Live Review: Lars & Mal; Iceage, Oquoa, Eli Mardock, Bloodcow tonight; Nightbird, Plack Blague Saturday…

Category: Blog,Reviews — Tags: , , — @ 12:26 pm October 24, 2014
Lars & Mal at Reverb, Oct. 23, 2014.

Lars & Mal at Reverb, Oct. 23, 2014.

by Tim McMahan,

Lars and Mal are vocalist Mallory Finch and vocalist/guitarist Laura Weiss along with three other members, keyboardist/vocalist Chelsea Taxman, mandolin player/guitarist/banjo player Adam Sherrerd and Ricky Green on cajon, which I learned last night is a wooden box used for percussion, sort of like bongos.

But the core is those two front women/vocalists whose nicknames comprise the band’s name. It’s their intertwining harmonies that define their sound, along with their easy-going, Autumn-colored love songs. They reminded me of early ’90s Lilith-style women-fronted folk duos, such as The Story and Indigo Girls, and songwriters like Lucinda Williams, Shawn Colvin and Rebecca Jenkins, but that’s too easy. Someone last night compared them to Neko Case, which I didn’t catch.

Their voices are amazing. Finch is among the best women vocalists in the area, hands down, with Weiss right next to her, and when they harmonize it’s something special. The songs, on the other hand, are by-the-numbers folk stuff, pretty but predictable. The exceptions were the sublime “Weaker Now” and bluesy “Shoulda Known” that coaxed hand claps from the big crowd of (what looked like) around 100. The combo is worth keeping an eye on, especially when they begin to reach beyond their songwriting comfort zone.

Lars & Mal was the perfect combo to show off Reverb’s music room, which sounded stellar during their set. The club added acoustical tile to the walls in an effort to cut down on the bounce, and it appears to be working, though there was plenty of “boom” during last night’s opening set by The Derby Birds, a four piece rock band fronted by Tony Bonacci. Their debut album, released on Bandcamp this past May, was a pleasant surprise. Live the band brought the mid-tempo indie swing to life, though the mix was muddy. Bonacci is a talented guy whose music at times reminded me of former local crooner Jake Bellows (of Neva Dinova). Someone should get Derby Birds to open for that Neva show Dec. 23 at Slowdown (though that ticket already is filled with three openers).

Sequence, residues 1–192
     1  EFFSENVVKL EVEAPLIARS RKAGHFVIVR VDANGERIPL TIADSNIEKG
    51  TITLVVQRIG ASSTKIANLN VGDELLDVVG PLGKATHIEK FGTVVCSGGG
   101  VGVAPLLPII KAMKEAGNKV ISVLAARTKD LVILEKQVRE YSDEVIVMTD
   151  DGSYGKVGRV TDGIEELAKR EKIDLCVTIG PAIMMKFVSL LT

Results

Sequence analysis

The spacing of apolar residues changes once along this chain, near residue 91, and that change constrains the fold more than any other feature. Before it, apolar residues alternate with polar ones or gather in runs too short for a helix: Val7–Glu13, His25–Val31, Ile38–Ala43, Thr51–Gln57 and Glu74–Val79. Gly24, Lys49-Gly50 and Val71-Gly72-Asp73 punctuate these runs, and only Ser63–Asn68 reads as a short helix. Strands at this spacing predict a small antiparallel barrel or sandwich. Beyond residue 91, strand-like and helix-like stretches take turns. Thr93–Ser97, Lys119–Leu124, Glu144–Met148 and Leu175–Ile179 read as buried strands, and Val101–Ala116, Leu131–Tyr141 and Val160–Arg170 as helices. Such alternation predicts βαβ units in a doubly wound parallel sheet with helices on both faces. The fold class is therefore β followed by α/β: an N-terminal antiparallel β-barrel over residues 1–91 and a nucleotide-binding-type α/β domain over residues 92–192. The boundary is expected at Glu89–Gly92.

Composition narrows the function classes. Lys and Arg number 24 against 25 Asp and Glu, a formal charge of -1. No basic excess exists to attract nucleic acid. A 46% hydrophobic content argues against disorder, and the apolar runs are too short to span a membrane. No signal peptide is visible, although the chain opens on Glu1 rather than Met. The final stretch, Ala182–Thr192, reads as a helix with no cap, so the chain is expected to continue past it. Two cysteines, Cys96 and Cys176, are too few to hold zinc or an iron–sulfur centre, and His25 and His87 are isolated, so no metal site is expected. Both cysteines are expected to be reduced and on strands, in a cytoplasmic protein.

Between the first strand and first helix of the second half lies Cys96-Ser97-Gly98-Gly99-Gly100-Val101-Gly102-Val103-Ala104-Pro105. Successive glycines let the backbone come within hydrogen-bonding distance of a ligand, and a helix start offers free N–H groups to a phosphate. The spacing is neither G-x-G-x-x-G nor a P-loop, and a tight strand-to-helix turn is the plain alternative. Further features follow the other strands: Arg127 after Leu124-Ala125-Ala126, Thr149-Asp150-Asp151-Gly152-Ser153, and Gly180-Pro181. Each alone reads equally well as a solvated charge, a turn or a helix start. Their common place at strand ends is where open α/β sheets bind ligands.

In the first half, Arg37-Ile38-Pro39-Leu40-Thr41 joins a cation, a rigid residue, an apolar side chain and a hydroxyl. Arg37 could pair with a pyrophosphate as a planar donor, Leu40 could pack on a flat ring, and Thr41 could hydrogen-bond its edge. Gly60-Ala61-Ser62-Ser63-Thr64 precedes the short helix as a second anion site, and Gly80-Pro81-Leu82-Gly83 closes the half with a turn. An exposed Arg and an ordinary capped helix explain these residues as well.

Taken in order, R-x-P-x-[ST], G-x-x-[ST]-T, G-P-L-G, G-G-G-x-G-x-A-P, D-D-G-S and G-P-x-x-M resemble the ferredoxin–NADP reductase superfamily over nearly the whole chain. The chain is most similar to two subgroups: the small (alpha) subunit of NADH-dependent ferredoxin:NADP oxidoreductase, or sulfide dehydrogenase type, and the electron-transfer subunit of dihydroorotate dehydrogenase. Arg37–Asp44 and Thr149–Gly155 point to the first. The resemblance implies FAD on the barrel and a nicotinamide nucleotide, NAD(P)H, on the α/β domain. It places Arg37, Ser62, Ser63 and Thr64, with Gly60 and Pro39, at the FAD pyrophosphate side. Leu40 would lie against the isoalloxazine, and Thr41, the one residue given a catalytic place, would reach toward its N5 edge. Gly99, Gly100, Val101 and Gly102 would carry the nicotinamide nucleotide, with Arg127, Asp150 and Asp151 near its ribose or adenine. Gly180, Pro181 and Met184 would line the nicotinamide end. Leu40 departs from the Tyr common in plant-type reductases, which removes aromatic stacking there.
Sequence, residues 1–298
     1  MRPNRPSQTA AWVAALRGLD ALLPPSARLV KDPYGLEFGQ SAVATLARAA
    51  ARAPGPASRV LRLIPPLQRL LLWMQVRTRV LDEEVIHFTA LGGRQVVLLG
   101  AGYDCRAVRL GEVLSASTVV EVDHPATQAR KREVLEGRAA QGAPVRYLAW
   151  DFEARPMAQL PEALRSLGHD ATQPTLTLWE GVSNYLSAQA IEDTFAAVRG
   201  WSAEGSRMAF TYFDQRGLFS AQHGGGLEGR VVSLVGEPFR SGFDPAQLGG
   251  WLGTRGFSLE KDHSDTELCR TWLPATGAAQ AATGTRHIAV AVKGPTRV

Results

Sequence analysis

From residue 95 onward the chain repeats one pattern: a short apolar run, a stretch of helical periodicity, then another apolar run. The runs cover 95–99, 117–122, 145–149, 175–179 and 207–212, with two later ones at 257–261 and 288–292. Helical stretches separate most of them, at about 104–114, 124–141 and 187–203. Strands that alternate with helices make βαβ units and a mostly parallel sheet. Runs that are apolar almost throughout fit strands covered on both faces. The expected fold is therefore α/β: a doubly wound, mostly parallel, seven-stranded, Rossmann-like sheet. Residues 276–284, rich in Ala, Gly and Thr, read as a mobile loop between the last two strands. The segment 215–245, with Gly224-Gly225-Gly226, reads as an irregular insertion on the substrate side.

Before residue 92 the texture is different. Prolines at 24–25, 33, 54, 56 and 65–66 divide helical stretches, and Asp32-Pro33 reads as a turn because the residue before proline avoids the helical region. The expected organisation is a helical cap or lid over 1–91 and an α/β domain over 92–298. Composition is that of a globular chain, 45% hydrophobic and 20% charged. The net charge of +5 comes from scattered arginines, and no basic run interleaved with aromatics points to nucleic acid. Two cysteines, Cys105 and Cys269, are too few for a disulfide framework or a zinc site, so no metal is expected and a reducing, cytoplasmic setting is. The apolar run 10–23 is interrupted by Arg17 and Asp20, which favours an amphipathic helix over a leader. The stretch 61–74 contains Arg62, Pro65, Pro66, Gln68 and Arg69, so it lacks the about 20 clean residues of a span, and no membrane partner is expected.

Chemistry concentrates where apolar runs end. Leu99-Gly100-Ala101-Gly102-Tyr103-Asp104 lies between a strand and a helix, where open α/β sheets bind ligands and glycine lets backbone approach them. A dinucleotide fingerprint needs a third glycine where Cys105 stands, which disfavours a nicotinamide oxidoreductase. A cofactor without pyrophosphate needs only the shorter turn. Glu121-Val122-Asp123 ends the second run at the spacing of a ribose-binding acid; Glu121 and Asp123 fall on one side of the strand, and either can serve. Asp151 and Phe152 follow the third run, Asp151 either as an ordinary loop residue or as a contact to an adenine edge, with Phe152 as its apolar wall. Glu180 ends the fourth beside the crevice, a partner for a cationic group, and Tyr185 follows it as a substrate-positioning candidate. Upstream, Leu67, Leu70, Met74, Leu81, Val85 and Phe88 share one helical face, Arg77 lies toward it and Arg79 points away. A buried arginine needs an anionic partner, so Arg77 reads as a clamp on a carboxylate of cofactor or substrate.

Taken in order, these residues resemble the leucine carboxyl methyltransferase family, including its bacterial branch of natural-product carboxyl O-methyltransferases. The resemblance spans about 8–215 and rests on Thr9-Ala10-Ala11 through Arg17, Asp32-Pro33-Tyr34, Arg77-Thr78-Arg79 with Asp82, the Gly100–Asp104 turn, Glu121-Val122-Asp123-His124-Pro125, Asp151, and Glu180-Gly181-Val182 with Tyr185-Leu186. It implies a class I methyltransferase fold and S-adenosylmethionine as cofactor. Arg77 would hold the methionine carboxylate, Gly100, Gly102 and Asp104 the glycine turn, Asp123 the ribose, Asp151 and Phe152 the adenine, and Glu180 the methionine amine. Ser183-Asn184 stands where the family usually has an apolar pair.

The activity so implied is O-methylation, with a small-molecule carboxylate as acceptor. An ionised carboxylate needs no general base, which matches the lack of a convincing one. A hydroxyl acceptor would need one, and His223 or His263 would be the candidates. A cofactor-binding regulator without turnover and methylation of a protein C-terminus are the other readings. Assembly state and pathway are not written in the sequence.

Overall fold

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Let’s get to the show line-ups.

The “Big Show” of the weekend is tonight at Slowdown Jr. where Matador band Iceage takes center stage. The band’s new album, Plowing into the Field of Love, is blowing up thanks to a “Best New Album” recommendation by Pitchfork, which gave it a massive 8.5 rating. This is slurred, gritty indie rock sung by a troupe of angry slacker Danes. Opening is Aussie band Helm, whose music (released on Sumerland) sounds like indie grunge, and local dudes Telepathy Problems. $12, 9 p.m. Expect a crowd.

Also tonight, local dreamrock supergroup Oquoa plays at fabulous O’Leaver’s with hip-hop duo BOTH. $5, 9:30 p.m.

The Waiting Room is hosting the soundtrack release show for the film Bent Over Neal tonight. Among the performers are Eli Mardock, Bloodcow and The Strange Attractors. $8, 8 p.m.

Saturday night Travelling Mercies open for White Buffalo at Reverb. $15, 9 p.m.

Creepy electronic leather fetish freakout Plack Blague and electronic noise landslide Lvrk Late are among the performers at Industrial Night Omaha hosted at Sweatshop Gallery Saturday night. $6, 9 p.m.

Over at the Barley Street Omaha’s newest stoner/sludge rock band Nightbird (featuring Gerald Lee of Filter Kings), Bad Aqple and Western Electric open for Vago. $5, 9 p.m.

Be warned that Saturday is Zombie Walk day in Benson. I think the madness starts at 4. I hope to be watching it from the safe confines of the deck at 1912.

That’s what I got. If I missed your show, put it in the comments section. Have a great weekend.

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Read Tim McMahan’s blog daily at — an online music magazine that includes feature interviews, reviews and news. The focus is on the national indie music scene with a special emphasis on the best original bands in the Omaha area. Copyright © 2014 Tim McMahan. All rights reserved.

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